// Declare using
// 'class' keyword
class Person {
    // These are variables or
    // attributes of the class
    String name;
    String phone;
    String email;
    int age;
}

That is the syntax for creating a class. We generally don’t put an ending semicolon after the class declaration (like as we do with struct in C ), but it is ok if you do.

Now, we can’t have functions in a C struct. But we can have functions (methods) in a class. If so, when are they called? We’ll look at it later. Right now, let’s just focus on the syntax for writing methods in a class –

// Declare using
// 'class' keyword
class Person {
    // Instance Variables
    String name;
    String phone;
    String email;
    int age;

    // The usual syntax -
    // return-type function-name(parameters) { // code }
    void printDetials() {
        // Instance Variables are
        // accessible to every method
        System.out.println("Name - " + name);
        System.out.println("Phone - " + phone);
        System.out.println("Email - " + email);
        System.out.println("Age - " + age);
    }
}

Using that syntax, you can write any number of methods in a class. Now, I have used a new term, Instance Variables. We will discuss later what this actually means. Just know that we can access them from the methods.

Entity

Now we can’t create a class as we like. A class in your code generally represent an entity in the real world (not necessarily living). We created a class person, and we know that a person exists in the real world. Like that, your class must represent something in the real world, or it must represent an entity. So, what do we do in a class…? In a class, we describe what the entity must do..! Every entity has two things –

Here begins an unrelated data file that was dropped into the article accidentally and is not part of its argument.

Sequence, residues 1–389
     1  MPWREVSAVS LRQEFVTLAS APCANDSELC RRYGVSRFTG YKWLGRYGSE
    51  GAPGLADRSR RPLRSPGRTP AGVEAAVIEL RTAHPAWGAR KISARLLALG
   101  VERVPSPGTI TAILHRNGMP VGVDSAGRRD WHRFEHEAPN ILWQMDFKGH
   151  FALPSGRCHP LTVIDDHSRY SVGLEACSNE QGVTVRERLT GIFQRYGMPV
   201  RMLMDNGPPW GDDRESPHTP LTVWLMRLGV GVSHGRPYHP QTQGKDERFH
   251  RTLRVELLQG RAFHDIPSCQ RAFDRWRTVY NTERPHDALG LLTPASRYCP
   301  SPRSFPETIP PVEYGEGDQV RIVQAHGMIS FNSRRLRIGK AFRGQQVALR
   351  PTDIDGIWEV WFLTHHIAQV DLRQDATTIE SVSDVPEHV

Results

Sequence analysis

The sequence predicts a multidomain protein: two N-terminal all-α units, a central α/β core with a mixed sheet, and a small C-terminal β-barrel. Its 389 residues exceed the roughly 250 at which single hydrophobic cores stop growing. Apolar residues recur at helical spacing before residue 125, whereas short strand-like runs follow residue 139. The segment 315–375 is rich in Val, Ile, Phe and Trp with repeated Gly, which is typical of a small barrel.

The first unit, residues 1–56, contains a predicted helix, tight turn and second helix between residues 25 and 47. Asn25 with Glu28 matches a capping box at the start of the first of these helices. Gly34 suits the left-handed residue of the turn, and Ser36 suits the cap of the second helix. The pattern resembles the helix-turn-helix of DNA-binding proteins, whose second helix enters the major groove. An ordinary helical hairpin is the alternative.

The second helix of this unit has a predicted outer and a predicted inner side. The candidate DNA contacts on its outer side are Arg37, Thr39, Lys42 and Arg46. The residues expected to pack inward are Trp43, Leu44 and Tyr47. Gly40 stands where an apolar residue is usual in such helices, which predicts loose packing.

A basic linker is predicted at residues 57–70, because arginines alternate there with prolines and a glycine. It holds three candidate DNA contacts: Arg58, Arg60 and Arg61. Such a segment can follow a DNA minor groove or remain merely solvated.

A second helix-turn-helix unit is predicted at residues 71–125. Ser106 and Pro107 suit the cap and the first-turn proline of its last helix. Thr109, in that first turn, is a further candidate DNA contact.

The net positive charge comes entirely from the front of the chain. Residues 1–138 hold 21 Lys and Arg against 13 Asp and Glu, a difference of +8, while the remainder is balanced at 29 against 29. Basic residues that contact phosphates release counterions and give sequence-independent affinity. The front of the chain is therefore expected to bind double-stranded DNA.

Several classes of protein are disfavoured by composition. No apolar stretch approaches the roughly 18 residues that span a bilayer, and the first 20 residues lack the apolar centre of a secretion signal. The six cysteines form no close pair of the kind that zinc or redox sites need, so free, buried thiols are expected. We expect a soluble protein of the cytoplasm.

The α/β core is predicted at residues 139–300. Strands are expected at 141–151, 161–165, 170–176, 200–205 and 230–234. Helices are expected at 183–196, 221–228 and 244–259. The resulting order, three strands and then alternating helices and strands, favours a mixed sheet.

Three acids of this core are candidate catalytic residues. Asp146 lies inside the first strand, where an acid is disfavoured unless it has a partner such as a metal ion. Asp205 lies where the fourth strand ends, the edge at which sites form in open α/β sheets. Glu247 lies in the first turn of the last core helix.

• Attributes (Instance Variables) – Just like every Person has a name and age, every entity is supposed to have some attributes or properties.
  • Behavior (Methods) – Every Person would perform some action, say, walk, sneeze, laugh, etc., in code, they are written as methods.

We must specify these. Remember, we are still specifying..! That is, we are still describing what your entity does. Which kinda means that we are still designing the entity, we haven’t yet created an instance of it.

Examples

Let us take up some real life entities and try to represent them as classes so that we can understand, what we should write as attributes and methods. Let us first take a very simple example, a ball.

class Ball